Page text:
In 1931, the composition of the management changed. The head of the management was still a rabbi, but the members were as follows: Chaim Paryzer, Lejbus Gwarcman, Chaim Rotsztajn, and Enoch Zelcer.
In 1932, there was a lot of disagreement over the income from ritual slaughter between the management and the district authorities. The management expected to obtain 9,000 PLN. However, the district authorities expected 12,850 PLN. They claimed that the community should earn as much as possible from the slaughter because they were still in debt.
In 1933, 1,500 Jews lived in the community area, and 253 families had to pay fees. The fees ranged from 5 PLN to 1,000 PLN. As for income, they estimated to obtain 25,010 PLN, including 3,405 PLN from fees. However, there was a problem with unpaid fees. The management did not manage to obtain 4,355.90 PLN, but it still hoped to do so.
As for expenses, the main ones were Rabbi B. K. Szternfeld’s salaries: 6,240 PLN, butcher kosher W. Binsztok’s salaries:3,640 PLN, Sz. Sztajnfeld’s salaries: 3,129 PLN, singer Koronwald’s salaries: 250 PLN, servant Mendelson’s salaries: 200PLN, and expenses on renovation amounting to 8,784.64[1.20].
In 1938, the Jewish community in Pilica had a population of 1,711 people, and 217 families paid fees. The real estate was estimated at 11,700 PLN, and movables at 62,000 PLN. The community debt amounted to 11,186 PLN.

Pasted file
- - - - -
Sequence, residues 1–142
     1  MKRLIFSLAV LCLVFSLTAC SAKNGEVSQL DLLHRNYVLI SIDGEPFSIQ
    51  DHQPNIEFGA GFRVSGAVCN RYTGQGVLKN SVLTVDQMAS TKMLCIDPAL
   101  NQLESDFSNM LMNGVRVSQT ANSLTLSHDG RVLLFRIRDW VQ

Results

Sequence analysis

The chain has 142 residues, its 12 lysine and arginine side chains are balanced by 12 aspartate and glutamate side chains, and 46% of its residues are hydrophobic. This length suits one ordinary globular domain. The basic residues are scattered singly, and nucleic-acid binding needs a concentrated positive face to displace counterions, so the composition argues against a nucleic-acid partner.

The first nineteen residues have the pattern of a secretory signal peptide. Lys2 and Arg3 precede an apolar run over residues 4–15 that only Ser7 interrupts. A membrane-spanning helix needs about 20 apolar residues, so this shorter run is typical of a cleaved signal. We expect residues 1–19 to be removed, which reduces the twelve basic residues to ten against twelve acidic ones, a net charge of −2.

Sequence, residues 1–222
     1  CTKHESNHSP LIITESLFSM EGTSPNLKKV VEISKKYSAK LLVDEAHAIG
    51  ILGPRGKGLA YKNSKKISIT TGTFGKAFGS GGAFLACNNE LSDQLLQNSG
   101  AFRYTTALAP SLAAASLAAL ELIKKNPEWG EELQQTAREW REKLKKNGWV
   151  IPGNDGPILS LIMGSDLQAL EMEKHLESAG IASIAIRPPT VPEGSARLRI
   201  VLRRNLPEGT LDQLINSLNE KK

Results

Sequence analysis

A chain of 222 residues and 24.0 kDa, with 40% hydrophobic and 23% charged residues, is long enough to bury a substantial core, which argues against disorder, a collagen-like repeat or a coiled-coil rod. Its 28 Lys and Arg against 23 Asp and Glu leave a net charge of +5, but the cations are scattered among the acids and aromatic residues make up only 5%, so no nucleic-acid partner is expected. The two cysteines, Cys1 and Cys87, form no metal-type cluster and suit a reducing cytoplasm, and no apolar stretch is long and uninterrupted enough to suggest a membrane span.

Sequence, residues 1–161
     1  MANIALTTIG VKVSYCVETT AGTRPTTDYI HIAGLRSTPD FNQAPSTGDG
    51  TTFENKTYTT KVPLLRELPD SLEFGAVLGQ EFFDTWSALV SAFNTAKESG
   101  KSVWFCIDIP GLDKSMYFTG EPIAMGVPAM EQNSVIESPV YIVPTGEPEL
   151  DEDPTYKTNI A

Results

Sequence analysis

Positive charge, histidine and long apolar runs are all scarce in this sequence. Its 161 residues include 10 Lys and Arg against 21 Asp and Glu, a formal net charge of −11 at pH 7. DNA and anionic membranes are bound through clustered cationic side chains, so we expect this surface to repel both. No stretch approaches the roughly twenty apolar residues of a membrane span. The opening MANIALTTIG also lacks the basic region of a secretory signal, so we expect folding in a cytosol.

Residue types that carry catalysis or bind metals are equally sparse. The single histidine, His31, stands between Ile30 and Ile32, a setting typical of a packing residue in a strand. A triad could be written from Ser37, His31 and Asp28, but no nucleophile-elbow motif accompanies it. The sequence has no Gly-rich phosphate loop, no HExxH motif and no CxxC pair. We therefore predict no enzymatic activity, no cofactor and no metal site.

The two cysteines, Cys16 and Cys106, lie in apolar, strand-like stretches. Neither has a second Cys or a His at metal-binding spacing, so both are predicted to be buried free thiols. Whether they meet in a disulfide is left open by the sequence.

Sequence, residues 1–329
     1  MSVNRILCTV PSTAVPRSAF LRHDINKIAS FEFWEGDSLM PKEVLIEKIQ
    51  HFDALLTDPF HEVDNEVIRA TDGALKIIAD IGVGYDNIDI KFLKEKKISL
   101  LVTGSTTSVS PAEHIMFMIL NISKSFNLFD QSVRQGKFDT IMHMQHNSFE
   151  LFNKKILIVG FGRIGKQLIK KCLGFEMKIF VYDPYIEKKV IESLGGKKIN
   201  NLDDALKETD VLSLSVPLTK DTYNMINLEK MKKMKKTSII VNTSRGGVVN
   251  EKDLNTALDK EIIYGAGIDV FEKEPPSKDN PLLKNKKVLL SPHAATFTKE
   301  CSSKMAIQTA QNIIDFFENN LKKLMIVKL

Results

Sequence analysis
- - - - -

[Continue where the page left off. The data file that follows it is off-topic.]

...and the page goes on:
During the Second World War, the town of Pilica was occupied by the German army in September 1939. The Germans created a ghetto where 2,000 Jews were sent.
In 1942, all the Jews were firstly transferred to the Wolbrom ghetto and then to the concentration camps.
On Januray 15, 1943, the German gendarmerie shot Maria Rogozińska (aged 38) at Pilica castle. It was a penalty for hiding Jews. Also, a local guard was shot for not reporting the presence of Jews in his village.
On November 14, 1943, the gendarmerie shot Piotr Domagała from Dobra (aged 36). He had also hidden Jews. He was buried at the cemetery in Pilica. Moreover, the Germans shot the Janus family consisting of 10 people, together with the Jews whom they had hidden. The execution took place in a forest situated behind a monastery. Bronisław Janus, the only one who survived, was awarded the medal of the Righteous Among the Nations.
[1.1] S. Adamczyk, The Jews in Pilica in the second half of the 17th century„Almanach Historyczny” 2002, v . 4 , p. 151
[1.2] http://dziedzictwo.polska.pl/katalog/skarb,Projekt_rozbudowy_cmentarza_zydowskiego_w_Pilicy_z_1884_r,gid,387014,cid,1477.htm?body=desc [stan na 16 II 2010].
[1.3] Wiech S., Towns of Kielce Province in the years 1870-1914, Kielce 1995, p. 120
[1.4] „Gazeta Świąteczna” 1885, no. 226
[1.5] „Gazeta Kielecka” 1906, no. 78
[1.6] H. Błażkiewicz, History of the parish church in Pilica, Cracow 1988, p. 80
[1.7] Polish Book of Addresses (including W.M. Gdańs) for trade, industry, craft and agriculture, Warsaw 1930 , pp. 256, 257
[1.8] A list of check users of P.K.O., Warsaw 1933, p. 569
[1.9] APK, UWK I, classification number 1752, c. 485
[1.10] APK, UWK I, classification number 1501, c. 195
[1.11] APK, UWK I, classification number 1749, c. 302
[1.12] APK, UWK I, classification number 1400, c. 388
[1.13] APK, UWK I, classification number 1400, c. 382
[1.14] APK, UWK I, classification number 1650, c. 4
[1.15] APK, UWK I, classification number 1650, c. 9
[1.16] APK, UWK I, classification number 1650, c. 57.
[1.17] APK, UWK I, classification number 1650, c. 83
[1.18] APK, UWK I, classification number 1650, c. 193
[1.19] APK, UWK I, sign. 1650, c. 159
[1.20] APK, UWK I, classification number 1650, c. 412